Could Annie Leibovitz Lose the Rights to Her Work?
Famed magazine photog faces steep consequences over unpaid $24 million loan.
Over the last several months, FOLIO: has reported its fair share of difficult stories. Magazine have folded. Thousands of people have been laid off. Publishing companies have filed for bankruptcy.
Here’s another tough one.
Renowned photographer Annie Leibovitz, whose iconic work has appeared in magazines like Vogue and Rolling Stone over her four decade-long career, is nearing the darkest deadline of her life: Repay $24 million in loans by September 8 or face losing her homes —and perhaps the rights to her entire life’s work.
Leibovitz (pictured), according to a lengthy profile of her in New York magazine, borrowed the money from New York City-based bankers Art Capital Group last year to help with outstanding debts she racked up. The group has since filed legal proceedings against the famed photographer claiming that she never intended to pay them back.
The New York piece, written by Andrew Goldman, said the Art Capital loans consolidated all of Leibovitz’s debts, including her mortgages. While Goldman couldn’t track down the interest rate, the term of the loan was for one year.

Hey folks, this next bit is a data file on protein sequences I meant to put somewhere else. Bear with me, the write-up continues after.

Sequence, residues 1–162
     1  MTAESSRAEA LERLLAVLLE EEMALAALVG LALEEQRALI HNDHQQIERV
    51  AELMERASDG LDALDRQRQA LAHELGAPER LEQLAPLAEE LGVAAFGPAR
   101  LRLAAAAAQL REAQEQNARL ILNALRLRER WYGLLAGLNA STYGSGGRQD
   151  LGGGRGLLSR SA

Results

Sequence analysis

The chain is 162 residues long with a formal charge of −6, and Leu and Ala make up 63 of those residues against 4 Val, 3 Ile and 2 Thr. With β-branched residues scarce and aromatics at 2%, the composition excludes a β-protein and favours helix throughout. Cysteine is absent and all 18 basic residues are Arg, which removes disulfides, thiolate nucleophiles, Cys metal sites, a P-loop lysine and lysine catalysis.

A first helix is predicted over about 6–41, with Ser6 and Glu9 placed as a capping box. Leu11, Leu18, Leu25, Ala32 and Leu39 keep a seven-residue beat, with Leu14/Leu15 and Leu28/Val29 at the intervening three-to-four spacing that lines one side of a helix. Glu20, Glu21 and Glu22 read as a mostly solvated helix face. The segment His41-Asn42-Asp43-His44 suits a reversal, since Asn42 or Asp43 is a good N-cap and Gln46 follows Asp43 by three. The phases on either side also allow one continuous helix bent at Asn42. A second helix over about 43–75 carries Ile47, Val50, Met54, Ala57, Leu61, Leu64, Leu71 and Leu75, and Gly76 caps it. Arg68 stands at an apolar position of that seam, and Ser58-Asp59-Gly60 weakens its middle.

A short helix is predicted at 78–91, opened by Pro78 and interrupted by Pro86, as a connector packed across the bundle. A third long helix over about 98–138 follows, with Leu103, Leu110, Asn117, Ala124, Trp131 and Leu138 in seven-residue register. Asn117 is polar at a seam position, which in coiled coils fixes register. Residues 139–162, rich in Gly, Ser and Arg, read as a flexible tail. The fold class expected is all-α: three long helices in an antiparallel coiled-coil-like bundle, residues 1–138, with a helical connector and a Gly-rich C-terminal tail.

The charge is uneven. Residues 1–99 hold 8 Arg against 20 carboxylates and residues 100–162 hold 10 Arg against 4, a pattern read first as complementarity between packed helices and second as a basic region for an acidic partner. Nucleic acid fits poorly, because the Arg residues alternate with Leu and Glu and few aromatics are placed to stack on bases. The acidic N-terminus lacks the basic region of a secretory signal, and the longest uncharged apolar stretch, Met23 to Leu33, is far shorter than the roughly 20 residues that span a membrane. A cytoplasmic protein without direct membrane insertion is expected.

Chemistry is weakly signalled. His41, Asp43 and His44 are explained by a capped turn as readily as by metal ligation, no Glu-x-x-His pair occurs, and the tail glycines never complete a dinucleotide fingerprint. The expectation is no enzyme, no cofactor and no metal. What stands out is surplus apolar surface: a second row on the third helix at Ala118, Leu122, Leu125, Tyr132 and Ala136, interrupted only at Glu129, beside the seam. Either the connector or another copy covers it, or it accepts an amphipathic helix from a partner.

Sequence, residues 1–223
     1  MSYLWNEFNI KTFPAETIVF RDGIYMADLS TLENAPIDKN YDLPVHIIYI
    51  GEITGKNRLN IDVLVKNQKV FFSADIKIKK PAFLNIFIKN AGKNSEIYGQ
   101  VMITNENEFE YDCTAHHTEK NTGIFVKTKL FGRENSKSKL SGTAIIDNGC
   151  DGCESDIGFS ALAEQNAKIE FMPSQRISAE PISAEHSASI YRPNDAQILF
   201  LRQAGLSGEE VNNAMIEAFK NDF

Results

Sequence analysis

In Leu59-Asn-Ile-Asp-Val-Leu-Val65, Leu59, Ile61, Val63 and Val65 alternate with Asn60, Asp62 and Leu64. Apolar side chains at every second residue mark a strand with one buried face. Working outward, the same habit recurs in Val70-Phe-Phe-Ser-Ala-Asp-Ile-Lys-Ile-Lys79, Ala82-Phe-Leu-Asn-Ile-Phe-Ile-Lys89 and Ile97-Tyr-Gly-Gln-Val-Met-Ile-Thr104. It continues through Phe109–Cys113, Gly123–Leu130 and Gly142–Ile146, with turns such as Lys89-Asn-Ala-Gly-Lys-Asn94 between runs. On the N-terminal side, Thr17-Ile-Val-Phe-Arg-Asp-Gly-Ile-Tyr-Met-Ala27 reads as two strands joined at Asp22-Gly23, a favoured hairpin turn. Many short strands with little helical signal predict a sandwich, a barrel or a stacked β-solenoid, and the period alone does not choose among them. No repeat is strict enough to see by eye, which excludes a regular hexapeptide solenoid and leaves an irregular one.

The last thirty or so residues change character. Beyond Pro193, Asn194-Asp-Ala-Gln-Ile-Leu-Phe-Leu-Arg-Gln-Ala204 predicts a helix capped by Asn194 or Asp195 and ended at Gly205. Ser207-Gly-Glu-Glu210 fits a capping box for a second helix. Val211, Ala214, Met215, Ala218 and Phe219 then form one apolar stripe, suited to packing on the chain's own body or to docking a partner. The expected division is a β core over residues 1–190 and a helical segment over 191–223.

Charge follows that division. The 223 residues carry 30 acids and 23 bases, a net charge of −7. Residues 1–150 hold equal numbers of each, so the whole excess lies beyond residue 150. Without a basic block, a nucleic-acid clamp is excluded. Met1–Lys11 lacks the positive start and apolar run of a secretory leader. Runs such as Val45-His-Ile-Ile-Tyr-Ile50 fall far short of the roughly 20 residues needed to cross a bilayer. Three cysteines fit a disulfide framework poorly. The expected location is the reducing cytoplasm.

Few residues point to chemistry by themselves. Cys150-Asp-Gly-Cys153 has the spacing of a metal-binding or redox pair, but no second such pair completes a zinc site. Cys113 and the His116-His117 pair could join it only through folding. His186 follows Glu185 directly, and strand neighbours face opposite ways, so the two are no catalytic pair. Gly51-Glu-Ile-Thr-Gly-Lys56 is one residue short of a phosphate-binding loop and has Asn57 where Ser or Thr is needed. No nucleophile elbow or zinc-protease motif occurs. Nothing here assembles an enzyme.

That means Leibovitz has to come up with $24 million, plus interest, by this September. Under the terms of the agreement, says a person familiar with the loan, Art Capital could be entitled to up to 22.5 percent of all the proceeds from the sale of any of Leibovitz’s work—even for two years after she’s paid off the loan. And that percentage could increase to close to 50 percent if she were to default. Potentially, Art Capital may be entitled to her homes and even her catalogue of past and future copyrights.
Goldman Sachs, which helped finance the loan, told New York that it is not involved in the dispute between Leibovitz and Art Capital but has proposed to terminate the loan agreement to negotiate directly with Leibovitz on how to resolve the repayment.
The New York piece offers an in-depth look at Leibovitz and the financial roller coaster she’s ridden the last few decades. This isn’t the first time we’ve heard about someone of Leibovitz’s stature—who has access to financial advisors—backed into a corner over massive debt. In this case, however, I can’t imagine the prospect of a bank potentially owning the rights to Leibovitz’s entire, mind-blowing portfolio.
Take the houses. Leave the rights to her work.